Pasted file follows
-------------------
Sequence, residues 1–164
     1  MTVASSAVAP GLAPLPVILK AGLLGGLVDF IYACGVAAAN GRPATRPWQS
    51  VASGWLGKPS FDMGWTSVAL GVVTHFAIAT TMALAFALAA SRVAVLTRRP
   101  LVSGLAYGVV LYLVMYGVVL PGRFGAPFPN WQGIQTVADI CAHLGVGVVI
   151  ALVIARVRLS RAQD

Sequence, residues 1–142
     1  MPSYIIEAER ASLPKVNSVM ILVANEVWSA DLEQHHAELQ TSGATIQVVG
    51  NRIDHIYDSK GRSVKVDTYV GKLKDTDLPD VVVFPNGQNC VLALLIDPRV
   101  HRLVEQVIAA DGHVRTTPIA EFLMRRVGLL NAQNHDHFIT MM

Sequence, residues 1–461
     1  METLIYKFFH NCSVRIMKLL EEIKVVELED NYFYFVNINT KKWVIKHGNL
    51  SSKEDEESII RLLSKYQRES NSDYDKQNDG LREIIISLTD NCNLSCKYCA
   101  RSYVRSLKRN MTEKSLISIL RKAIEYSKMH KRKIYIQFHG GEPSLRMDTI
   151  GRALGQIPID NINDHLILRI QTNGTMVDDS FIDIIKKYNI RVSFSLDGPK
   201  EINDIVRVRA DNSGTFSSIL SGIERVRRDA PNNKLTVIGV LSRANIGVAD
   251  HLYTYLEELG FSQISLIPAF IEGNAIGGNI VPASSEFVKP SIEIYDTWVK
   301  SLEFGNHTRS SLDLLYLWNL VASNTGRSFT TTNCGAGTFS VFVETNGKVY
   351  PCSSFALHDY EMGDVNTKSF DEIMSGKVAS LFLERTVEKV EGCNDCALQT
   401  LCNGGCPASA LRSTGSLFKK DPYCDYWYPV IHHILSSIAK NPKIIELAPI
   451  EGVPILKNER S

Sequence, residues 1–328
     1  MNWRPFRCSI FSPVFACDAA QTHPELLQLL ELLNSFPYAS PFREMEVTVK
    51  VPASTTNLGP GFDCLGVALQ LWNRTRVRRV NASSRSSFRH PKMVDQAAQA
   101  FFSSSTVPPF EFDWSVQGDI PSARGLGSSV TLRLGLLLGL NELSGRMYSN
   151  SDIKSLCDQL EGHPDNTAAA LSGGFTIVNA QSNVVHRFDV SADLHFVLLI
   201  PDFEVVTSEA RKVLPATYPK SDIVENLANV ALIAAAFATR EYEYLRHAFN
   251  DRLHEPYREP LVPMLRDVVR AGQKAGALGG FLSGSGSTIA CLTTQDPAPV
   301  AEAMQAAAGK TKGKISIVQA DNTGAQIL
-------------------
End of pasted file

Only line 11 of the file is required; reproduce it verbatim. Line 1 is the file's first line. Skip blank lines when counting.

     1  METLIYKFFH NCSVRIMKLL EEIKVVELED NYFYFVNINT KKWVIKHGNL